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Last week I talked a bit on the decision by Microsoft to kill OneCare and release a new, free antivirus package later in 2009. Overall, I stated that I believe this will be good for consumers:
I consider this an extremely positive development, and no surprise at all. Back when Microsoft first acquired an AV company I told clients and reporters that Microsoft would first offer a commercial service, then eventually include it in Windows. Antivirus and other malware protections are really something that should be included as an option in the operating system, but due to past indiscretions (antitrust) Microsoft is extremely careful about adding major functionality that competes with third party products.
Not everyone shares my belief that this is a positive development for consumers. Kurt Wismer expressed it best:
i doubt you need to be a rocket scientist to see the parallels between that scenario and what microsoft did back in the mid-90’s with internet explorer, and i don’t think i need to remind anyone that that was actually not good for users (it resulted in microsoft winning the first browser war and then, in the absence of credible competition, they literally stopped development/innovation for years)
what we don’t want or need is for microsoft (or anyone else, technically, though microsoft has the most potential due to their position) to win the consumer anti-malware war in any comparable sense… it’s bad on a number of different levels - not only is it likely to hurt innovation by taking out the little guys (who tend to be more innovative and less constrained by the this is the way we’ve always done things mindset), but it also creates another example of a technological monoculture… granted we’re only talking about the consumer market, but the consumer market is the low-hanging fruit as far as bot hosts go and while it may sound good to increase the percentage of those machines running av (as graham cluley suggests) if they’re all using the same av it makes it much, much easier for the malware author to create malware that can evade it…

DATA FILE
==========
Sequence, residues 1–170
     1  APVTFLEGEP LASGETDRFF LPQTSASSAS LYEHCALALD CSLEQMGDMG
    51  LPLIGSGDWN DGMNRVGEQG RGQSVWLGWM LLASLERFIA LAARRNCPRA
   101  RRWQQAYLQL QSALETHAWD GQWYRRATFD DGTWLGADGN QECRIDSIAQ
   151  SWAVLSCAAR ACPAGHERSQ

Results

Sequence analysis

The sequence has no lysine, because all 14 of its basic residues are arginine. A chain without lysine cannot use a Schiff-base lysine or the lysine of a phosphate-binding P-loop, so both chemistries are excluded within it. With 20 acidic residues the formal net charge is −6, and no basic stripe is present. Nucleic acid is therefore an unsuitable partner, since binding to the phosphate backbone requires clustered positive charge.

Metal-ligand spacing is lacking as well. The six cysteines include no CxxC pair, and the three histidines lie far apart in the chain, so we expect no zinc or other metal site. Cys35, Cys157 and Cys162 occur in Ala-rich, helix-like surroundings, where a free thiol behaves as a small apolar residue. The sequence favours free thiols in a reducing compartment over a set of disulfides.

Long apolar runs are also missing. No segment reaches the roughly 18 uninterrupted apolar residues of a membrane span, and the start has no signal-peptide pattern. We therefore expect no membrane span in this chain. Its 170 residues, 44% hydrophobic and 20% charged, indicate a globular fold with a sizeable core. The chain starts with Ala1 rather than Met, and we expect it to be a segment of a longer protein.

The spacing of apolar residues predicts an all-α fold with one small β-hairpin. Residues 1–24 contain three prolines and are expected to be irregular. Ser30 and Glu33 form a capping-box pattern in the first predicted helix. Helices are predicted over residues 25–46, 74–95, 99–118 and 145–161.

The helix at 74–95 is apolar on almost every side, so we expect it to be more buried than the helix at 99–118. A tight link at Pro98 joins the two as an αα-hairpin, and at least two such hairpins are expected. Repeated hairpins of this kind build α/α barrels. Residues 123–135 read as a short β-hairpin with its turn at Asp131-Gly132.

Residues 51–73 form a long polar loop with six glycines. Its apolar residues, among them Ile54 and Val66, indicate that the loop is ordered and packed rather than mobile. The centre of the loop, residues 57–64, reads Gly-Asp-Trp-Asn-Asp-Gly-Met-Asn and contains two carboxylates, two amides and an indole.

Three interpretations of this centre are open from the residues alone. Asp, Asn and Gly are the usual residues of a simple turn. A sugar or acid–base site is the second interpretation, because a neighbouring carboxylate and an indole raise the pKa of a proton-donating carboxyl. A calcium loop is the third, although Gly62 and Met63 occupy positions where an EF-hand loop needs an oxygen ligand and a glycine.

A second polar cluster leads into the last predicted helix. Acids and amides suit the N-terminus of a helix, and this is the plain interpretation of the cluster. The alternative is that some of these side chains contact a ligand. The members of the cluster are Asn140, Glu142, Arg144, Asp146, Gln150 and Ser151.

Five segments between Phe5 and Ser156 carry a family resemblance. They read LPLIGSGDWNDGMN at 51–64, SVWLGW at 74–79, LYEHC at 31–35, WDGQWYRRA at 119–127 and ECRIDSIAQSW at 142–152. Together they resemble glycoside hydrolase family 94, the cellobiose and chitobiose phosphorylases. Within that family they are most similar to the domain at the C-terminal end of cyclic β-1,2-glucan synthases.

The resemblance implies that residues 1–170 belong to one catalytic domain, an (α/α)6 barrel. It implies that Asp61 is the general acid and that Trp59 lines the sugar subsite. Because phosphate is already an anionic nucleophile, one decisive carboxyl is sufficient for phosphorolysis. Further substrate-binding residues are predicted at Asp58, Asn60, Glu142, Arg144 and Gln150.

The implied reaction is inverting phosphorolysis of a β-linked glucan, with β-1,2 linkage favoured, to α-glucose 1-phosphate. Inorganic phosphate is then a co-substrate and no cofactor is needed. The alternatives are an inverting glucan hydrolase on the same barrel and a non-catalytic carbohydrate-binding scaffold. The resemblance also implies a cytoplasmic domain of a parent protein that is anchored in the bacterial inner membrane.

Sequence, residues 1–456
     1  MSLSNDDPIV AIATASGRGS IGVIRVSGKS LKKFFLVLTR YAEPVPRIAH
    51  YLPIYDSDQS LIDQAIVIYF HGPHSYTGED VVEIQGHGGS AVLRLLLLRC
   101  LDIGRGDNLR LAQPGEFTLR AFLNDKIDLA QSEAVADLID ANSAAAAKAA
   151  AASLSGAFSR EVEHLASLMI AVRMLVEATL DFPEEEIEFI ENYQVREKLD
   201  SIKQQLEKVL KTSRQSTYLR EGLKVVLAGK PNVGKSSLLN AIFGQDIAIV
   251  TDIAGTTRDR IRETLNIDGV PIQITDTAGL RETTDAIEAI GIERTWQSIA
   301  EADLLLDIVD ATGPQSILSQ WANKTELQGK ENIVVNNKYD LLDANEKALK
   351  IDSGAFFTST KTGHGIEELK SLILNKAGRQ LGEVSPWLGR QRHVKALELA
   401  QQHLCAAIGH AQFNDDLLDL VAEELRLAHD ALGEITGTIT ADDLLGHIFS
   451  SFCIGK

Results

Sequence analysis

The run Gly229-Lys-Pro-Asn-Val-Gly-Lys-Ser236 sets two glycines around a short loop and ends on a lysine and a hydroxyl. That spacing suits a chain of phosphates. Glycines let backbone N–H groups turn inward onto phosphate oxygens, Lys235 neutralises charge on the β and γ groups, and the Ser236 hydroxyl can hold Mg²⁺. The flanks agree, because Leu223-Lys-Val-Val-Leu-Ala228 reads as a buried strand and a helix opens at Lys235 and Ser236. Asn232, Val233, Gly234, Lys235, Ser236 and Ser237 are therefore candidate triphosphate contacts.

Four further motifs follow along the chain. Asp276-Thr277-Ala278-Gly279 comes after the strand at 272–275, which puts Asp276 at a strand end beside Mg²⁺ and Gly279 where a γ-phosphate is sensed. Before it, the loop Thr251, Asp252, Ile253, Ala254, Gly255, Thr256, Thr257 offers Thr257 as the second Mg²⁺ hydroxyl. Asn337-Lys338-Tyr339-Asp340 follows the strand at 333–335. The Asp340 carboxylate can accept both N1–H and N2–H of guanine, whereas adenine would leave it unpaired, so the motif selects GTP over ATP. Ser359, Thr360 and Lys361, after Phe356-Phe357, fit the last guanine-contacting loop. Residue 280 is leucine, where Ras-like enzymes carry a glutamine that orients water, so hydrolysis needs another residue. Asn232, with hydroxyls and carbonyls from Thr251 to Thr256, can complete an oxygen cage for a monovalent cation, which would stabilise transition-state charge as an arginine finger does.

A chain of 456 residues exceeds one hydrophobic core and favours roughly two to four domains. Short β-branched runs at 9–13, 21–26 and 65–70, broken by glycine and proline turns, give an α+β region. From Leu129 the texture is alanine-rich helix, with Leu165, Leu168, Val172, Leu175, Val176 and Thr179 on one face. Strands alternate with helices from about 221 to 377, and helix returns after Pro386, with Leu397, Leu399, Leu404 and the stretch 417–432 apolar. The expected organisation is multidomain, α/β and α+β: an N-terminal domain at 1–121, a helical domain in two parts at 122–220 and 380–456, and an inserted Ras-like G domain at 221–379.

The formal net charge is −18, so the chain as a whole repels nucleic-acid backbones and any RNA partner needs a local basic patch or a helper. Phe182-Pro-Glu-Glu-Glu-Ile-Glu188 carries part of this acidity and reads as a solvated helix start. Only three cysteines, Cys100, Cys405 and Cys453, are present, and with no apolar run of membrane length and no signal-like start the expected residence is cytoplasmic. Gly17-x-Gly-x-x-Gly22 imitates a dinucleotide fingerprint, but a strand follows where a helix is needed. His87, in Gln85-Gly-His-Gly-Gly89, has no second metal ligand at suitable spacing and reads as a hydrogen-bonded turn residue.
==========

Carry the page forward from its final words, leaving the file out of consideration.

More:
That’s an extremely reasonable argument, but I think the market around AV is different. Kurt assumes that there is innovation in today’s AV, and that the monoculture will make AV evasion easier. My belief is that we essentially have both conditions today (low innovation, easy evasion), and the nature of attacks will continue to change rapidly enough to exceed the current capabilities of AV.
An attacker, right now, can easily create a virus to evade all current signature and heuristic based AV products. The barrier to entry is extremely low, with malware creation kits with these capabilities widely available. And while I think we are finally starting to see a little more innovation out of AV products, this innovation is external to the signature based system.
Here’s why I think Morro will be very positive for consumers:
- Signature based AV, the main engine I suspect Morro runs on, is no longer overly effective and not where the real innovation will take place.
- Morro will be forced to innovate like any AV vendor due to the external pressures of the extensive user base of existing AV solutions, changing threats/attacks, and continued pressure from third party AV.
- Morro will force AV companies to innovate more. Morro essentially kills the signature based portion of the market, forcing the vendors to focus on other areas.